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Via Jordyn Salmon
Culture

7 Underappreciated Women in Science You Should Know About

1. Margaret Hamilton (1936 – present)

Calling all female engineers! In this picture, Margaret Hamilton is standing next to her handwritten code that took Apollo 11 to the moon. At the time, she was the Software Engineering director for the MIT Instrumentation Laboratory, however, she later went on to found two software companies and publish more than 130 papers. In 2016, President Barack Obama awarded her the Presidential Medal of Freedom for her work in developing the software for the Apollo Moon missions.

2. Zora Neale Hurston (1891 – 1960)

You might recognize this name from your high school English class. While she is most known for her novel, Their Eyes Were Watching God, Zora Neale Hurston made an impact as an anthropologist as well. She was the first African American to conduct anthropological research on African American folklore and voodoo. A student of Franz Boas, the father of American anthropology, she wrote her ethnographies by traveling to Caribbean areas and around the American south. Hurston was ultimately a pioneer in both African diasporic studies and feminist literature during the Harlem Renaissance.

Related: The Stories of 3 Women That Science Forgot

3. Jane Goodall (1934 – present)

Okay, so Jane Goodall is a little more well-known than the rest of our female scientists, but I still think her work is underappreciated. A primatologist, anthropologist, and conservationist, Goodall traveled to Tanzania in 1960 to study chimpanzees- a species in which there was previously little information about. Her research mainly focused on the social relationships in groups of chimpanzees. However, she took an unorthodox approach to study this: immersion. Goodall’s biggest achievement to come out of this research was seeing that chimpanzees form social bonds and have their own personalities. Even more interesting and important, she found that chimpanzees make their own tools. Her findings changed the field as humans had been distinguishing themselves as drastically different from other primates, but it turns out we’re not as different as we thought!

4. Mary Anning (1799 – 1847)

Mary Anning’s success is found in the field of paleontology, or fossils! She is known primarily for the important discoveries she made in Jurassic marine fossil beds. These findings changed the way we thought (and continue to think) about prehistoric life. Though her recovery of these fossils is monumental in the field, that doesn’t mean she saw praise for it immediately. As a woman in England, she was never able to fully participate in the Angelican, male-dominated science community. Today, the fossils recovered by Anning are recognized as a key piece in the unfolding of Earth’s history.

Related: Bias Still an Issue for Women in Science, Study Finds

5. Lise Meitner (1878 – 1968)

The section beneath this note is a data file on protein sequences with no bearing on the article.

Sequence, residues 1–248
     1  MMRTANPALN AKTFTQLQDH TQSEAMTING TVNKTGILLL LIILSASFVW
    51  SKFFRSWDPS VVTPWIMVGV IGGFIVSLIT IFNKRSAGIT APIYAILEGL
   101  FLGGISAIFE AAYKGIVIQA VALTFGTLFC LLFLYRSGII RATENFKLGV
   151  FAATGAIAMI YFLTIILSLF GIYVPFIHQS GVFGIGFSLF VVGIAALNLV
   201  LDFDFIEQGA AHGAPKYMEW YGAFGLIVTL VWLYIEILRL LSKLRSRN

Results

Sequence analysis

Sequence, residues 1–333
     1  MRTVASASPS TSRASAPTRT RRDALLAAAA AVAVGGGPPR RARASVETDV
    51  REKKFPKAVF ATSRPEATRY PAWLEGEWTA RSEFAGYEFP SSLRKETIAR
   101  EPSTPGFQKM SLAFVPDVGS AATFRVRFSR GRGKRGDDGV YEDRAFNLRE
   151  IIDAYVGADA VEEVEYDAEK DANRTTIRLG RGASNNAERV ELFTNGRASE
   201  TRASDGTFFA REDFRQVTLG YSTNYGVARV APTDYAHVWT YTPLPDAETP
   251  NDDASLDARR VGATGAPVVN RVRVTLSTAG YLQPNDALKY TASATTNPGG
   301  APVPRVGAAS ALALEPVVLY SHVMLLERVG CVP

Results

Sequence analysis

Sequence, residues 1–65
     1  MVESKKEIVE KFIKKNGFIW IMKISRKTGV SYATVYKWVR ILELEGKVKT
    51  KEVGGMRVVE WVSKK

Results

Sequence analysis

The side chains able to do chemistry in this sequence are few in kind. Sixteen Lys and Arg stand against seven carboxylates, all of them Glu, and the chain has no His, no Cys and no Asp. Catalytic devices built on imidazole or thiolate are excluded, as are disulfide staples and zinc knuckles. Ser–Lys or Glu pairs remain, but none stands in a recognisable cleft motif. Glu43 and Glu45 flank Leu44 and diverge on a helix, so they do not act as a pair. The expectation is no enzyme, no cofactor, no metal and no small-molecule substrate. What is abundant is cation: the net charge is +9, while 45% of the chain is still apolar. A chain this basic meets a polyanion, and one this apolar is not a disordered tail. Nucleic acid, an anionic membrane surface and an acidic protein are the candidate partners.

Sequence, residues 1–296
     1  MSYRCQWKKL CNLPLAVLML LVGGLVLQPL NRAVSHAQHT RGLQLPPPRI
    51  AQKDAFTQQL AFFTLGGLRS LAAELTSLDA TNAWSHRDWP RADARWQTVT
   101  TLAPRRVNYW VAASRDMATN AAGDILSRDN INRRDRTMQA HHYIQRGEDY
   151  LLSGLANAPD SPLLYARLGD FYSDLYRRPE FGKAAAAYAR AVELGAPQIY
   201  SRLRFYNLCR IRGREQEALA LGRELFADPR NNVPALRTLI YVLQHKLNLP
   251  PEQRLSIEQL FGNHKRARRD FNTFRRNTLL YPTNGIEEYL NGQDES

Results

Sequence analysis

We all know about the atomic bombs of World War II, but who knew that a woman was behind the scenes of this technology? Lise Meitner was the leader of a group of scientists who discovered nuclear fission which helped create nuclear reactors, leading to the nuclear weaponry we have today. Though she was a leader of the team, her male counterpart, Otto Hahn, was the only one to receive the Nobel Prize in Chemistry for nuclear fission.

6. Margaret Mead (1901 – 1978)

Another anthropologist (I know- I’m an anthropology major, of course, I have to plug my field), Margaret Mead was also a student of Franz Boas like Zora Neale Hurston, but her work revolved around cultural relativism. Simply put, this is the idea that what might be unacceptable in one society could be praised in another. These factors are determined by the culture’s standards, not biology. Her most famous work, Coming of Age in Samoa, is a detailed account of her research on sexuality among Samoan girls and boys which implied that nurture has more of an effect on an individual than nature. So, why is this important? Because before Boas and Mead, anthropology had a particularly ethnocentric view of the world, but her ideas about cultural relativism became an influential point in the field, changing the way anthropologists think about and study other cultures.

Related: 5 Important Women in Science That We All Should Know About

7. Alice Ball (1892 – 1916)

Similar to Rosalind Franklin’s case, a male scientist took Ball’s work and made it his own. Alice Ball was a chemist who developed a viable technique to cure leprosy. Due to an untimely death, she was unable to publish her research and technique, which led to chemist Arthur L. Dean adding to her original work and publishing it as his own… with no mention of Ball. However, in the 1970s Ball was finally able to get the credit she deserved after professors at the University of Hawaii searched through archives and found Ball’s research.

All seven of the female scientists you just met made their own significant mark on the history of science. Will you be next, collegiette?

Jordyn Salmon

George Mason University '22

Jordyn Salmon is a junior majoring in Anthropology and French at George Mason University. Her academic interests include biological anthropology and structural violence. When she's not studying human bones, she enjoys drinking Snapple Apple and curating music playlists.
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